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Utilization of Spatially Precise Measurements to Autocalibrate the EPIC Agroecosystem Model
1T. Nigon, 2C. Yang, 1D. Mulla
1. Department of Soil, Water, and Climate; University of Minnesota, Saint Paul, MN 55108
2. Department of Bioproducts and Biosystems Engineering; University of Minnesota, Saint Paul, MN 55108

Corn nitrogen recommendations for individual fields must improve to minimize the negative influence that agriculture has on the environment and society. Two adaptive N management approaches for making in-season N fertilizer recommendations are remote sensing and crop systems modeling. Remote sensing has the advantage of characterizing the spatial variability at a high spatial resolution, and crop models are prognostic and can assess expected additions and losses that are not yet reflected by the plant (e.g., due to recent management, weather, etc.). Remote sensing can be used to estimate crop biophysical parameters such as leaf area index or biomass, and can be used to calibrate crop systems models for making more accurate N fertilizer recommendations. A challenge in implementing this, however, is that an independent model calibration is required for each spatial area to be modeled. This study aims to test an autocalibration method at the sub-field scale for use in calibration of the EPIC (Environmental Policy Integrated Climate) model so it can be used more reliably for precision agriculture applications. EPIC is capable of simulating crop growth, nutrient transport and demand, and water movement on a daily time step. Following an initial calibration, an independent calibration is performed for each area within the study area using spatially precise outputs derived from remote sensing data (i.e., leaf area index and biomass). A field experiment was conducted in 2017 with four nitrogen rates and two timings of N fertilizer (i.e., preplant and V5 leaf stage). Tissue N and aerial imagery were collected at several days during the early growth stages to use as a basis for implementing and testing the autocalibration approach. The Monte Carlo algorithm was used to generate samples for the autocalibration step, and the Nash-Sutcliff efficiency was used as an objective function to analyze and interpret the results. The techniques utilized in this study serve as a framework for being able to use crop systems models for making more accurate N fertilizer recommendations.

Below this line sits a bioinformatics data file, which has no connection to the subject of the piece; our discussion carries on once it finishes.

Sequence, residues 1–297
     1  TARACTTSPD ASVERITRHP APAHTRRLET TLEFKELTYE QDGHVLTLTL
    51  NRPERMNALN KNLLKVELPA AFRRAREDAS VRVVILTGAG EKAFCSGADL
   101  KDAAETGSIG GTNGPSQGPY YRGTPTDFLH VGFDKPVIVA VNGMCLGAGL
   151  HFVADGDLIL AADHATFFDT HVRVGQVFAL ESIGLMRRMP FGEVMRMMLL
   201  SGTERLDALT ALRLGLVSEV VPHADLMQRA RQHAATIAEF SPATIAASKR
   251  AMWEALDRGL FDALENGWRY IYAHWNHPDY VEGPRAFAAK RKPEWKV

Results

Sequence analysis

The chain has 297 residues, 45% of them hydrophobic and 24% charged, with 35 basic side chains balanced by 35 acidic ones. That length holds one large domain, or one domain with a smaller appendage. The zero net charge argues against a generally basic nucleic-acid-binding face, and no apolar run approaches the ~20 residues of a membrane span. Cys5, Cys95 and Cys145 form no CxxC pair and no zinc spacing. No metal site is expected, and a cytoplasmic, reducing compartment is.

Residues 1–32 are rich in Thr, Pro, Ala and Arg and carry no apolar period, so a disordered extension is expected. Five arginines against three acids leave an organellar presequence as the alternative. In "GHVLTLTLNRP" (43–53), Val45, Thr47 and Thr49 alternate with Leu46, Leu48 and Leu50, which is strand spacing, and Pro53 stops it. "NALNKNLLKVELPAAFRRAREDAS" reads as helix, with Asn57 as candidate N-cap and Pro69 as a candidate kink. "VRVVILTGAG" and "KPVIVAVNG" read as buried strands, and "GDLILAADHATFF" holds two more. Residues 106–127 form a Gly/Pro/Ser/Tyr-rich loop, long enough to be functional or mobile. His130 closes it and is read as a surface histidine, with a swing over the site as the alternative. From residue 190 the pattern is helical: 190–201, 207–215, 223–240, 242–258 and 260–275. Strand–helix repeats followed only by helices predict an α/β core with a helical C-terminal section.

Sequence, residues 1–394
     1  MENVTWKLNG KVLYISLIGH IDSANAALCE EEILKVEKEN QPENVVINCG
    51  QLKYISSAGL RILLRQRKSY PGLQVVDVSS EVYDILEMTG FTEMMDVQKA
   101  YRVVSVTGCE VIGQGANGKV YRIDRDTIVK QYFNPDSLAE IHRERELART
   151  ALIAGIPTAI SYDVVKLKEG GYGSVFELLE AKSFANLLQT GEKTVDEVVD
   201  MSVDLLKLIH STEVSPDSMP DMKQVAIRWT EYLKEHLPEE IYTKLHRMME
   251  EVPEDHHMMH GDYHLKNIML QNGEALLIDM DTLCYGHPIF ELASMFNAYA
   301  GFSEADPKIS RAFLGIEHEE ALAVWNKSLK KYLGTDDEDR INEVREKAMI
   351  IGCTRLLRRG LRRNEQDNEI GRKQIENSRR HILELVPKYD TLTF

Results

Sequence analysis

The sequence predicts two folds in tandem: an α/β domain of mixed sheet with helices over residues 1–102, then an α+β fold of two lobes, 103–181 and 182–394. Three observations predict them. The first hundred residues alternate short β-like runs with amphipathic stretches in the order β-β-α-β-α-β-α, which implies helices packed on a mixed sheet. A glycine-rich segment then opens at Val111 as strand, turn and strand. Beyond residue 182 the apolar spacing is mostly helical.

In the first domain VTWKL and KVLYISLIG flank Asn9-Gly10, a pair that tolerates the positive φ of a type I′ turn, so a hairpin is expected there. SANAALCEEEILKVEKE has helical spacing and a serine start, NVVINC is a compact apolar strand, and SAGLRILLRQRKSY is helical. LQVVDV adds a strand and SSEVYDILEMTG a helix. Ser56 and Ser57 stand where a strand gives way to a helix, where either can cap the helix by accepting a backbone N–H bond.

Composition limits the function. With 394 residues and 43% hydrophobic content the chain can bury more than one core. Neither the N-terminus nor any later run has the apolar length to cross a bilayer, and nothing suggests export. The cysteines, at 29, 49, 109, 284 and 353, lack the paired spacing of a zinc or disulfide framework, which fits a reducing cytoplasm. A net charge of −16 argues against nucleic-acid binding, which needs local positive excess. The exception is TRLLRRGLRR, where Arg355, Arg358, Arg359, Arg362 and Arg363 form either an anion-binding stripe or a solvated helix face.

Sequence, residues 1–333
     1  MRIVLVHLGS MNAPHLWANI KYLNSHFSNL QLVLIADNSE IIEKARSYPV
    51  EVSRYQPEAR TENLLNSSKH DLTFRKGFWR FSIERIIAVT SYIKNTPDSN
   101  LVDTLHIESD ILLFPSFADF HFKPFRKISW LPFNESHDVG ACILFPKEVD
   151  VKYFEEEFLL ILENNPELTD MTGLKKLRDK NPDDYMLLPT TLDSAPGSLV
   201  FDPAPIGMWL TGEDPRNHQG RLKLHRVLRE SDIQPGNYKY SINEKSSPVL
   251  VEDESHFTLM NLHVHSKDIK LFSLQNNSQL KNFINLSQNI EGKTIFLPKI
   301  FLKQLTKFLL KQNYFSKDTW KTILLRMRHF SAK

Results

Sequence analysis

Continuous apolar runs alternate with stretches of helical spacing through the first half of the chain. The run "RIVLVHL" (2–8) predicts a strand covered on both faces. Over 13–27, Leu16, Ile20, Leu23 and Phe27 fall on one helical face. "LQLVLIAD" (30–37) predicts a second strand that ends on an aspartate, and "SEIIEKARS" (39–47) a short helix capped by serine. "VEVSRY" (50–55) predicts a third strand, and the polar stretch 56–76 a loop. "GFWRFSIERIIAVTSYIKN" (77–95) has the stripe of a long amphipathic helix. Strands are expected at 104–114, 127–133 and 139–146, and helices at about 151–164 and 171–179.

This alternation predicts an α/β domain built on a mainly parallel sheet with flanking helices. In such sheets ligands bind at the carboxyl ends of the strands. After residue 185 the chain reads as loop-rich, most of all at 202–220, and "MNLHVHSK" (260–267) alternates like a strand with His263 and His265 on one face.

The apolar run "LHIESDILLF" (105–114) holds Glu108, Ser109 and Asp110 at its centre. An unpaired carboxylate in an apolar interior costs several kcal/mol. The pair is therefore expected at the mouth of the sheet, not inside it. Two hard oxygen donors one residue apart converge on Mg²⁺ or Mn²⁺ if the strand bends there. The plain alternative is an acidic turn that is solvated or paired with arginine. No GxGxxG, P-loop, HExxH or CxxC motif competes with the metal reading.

Keyword: EPIC, crop model, autocalibration, fertilizer recommendation, remote sensing
T. Nigon    C. Yang    D. Mulla    In-Season Nitrogen Management    Oral    2018